Martin Luther King, Jr. famously said, “Darkness cannot drive out darkness; only light can do that. Hate cannot drive out hate; only love can do that.” While this inspiring sentiment applies to many aspects of life, it’s especially suitable for addiction and recovery—particularly when it comes to the concept of forgiveness. Here’s a closer look at why learning to forgive is a paramount part of the recovery process.
What is Forgiveness?
We’re all familiar with the concept of forgiveness. But what, exactly, does it mean? While forgiveness means different things from person to person, it typically “involves a decision to let go of resentment and thoughts of revenge,” explains the Mayo Clinic.
Forgiveness does not, however, mean forgetting. Nor does it mean overlooking harm done to you in the past or reconnecting with the people who may have wronged you. Continues the Mayo Clinic, “The act that hurt or offended you might always be with you, but forgiveness can lessen its grip on you and help free you from the control of the person who harmed you…Forgiveness brings a kind of peace that helps you go on with life.”
The Forgiveness Imperative
Recovery is a complex and multi-factored process. Integral to moving forward is letting go of past resentments and regrets. Sobriety won’t fix these things on its own; in fact, these emotions will continue to threaten your sobriety if left to fester. Enter forgiveness. Until addicts learn to forgive—both others who’ve harmed them as well as themselves—they can never truly leave the past behind in order to embrace a different future.
Proposes Psychology Today of the nature of forgiveness, “Most psychologists recommend mustering up genuine compassion for those who have wronged us and moving on from the past, instead of allowing bitterness and anger toward others to eat away at us.”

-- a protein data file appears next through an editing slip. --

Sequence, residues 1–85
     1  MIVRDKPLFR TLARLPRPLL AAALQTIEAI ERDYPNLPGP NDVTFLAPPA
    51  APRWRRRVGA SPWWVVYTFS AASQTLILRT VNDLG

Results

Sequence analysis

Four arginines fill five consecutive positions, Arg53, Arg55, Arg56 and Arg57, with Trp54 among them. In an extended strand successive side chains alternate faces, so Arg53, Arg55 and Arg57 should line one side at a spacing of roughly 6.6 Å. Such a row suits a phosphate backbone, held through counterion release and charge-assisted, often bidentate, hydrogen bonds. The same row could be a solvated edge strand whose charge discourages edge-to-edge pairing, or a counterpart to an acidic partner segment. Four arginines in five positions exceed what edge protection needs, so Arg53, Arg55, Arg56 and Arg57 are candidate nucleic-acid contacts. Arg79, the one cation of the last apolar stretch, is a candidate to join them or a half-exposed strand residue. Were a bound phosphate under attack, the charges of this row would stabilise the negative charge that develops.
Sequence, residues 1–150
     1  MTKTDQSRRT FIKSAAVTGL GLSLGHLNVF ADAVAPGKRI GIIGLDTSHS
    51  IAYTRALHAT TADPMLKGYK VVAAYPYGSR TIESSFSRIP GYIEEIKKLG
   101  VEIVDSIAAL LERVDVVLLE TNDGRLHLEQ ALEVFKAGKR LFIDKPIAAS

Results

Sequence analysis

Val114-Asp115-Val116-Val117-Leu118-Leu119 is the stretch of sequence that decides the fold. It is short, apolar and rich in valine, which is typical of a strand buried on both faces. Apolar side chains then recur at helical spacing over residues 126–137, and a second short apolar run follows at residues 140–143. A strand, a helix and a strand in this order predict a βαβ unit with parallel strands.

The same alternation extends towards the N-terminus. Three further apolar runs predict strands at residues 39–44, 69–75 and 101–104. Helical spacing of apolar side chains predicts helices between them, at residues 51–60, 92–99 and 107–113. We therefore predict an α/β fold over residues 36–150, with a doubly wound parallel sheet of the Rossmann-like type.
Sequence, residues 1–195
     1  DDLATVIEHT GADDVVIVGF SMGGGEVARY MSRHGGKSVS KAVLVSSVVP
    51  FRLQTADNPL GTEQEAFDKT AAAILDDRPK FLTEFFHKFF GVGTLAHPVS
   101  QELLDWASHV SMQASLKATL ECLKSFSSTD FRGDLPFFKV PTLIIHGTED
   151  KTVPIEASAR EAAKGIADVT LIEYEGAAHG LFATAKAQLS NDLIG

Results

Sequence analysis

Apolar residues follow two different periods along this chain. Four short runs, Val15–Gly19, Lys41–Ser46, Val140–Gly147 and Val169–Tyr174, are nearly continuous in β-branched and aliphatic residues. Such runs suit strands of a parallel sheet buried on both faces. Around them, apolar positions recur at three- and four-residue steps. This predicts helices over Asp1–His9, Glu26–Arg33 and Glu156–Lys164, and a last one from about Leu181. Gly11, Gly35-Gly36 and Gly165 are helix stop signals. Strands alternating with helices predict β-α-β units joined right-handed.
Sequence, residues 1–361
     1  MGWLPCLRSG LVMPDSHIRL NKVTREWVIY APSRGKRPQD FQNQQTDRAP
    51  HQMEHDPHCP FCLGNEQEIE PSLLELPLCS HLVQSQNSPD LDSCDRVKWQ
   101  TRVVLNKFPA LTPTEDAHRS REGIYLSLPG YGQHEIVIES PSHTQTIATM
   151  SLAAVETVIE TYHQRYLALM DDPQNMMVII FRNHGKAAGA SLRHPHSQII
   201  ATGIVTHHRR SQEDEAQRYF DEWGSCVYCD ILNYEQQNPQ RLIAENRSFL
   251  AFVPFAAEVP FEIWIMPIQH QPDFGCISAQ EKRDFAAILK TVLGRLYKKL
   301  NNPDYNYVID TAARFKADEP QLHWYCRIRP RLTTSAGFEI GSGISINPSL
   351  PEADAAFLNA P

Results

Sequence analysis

One caveat to the forgiveness imperative? In certain situations, such as when sexual abuse is involved, not forgiving can be both healing and empowering.
One of the best things about forgiveness is that it’s the gift that keeps on giving. The benefits of learning to forgive are profound, including healthier relationships, better mental health, reduced stress and anxiety, less hostility, fewer symptoms of depression, lower blood pressure, improved heart health, enhanced self-esteem, and even a fortified immune system.
Conversely, holding a grudge can lead to all sorts of consequences, ranging from bringing anger into new relationships and experiences to losing the ability to connect with others.
Tips for Learning to Forgive
Talking about forgiveness is one thing. Forgiving is another. But that’s not to say it’s impossible. In fact, forgiving others and yourself is entirely possible—so long as you choose to do so. The Mayo Clinic suggests that forgiveness is not a state of being, but rather a state of mind that can be nurtured through the following strategies:
- Recognize why forgiveness matters and how it can better your life and support your recovery
- Identify who you need to forgive, for what, and to what end
- Assess and acknowledge the wrongs you’ve done without judging yourself
- Talk about your feelings in a safe setting, such as with a therapist or support group
- Acknowledge your emotions and how they impact your behavior
- Try putting yourself in the other person’s shoes
- Make an active choice to forgive
- Release the control others may have on you by letting go of your identity as a victim
One last thing to keep in mind? Just like recovery is a process, so is forgiveness. And while you may be able to will yourself to forgive others, being forgiven in return is not within your control. Concludes the Mayo Clinic, “Whatever happens, commit to treating others with compassion, empathy, and respect.”
We’re Here to Help
To learn more about the role of forgiveness and recovery, along with how Harris House’s programs can help addicts through both processes, contact us today.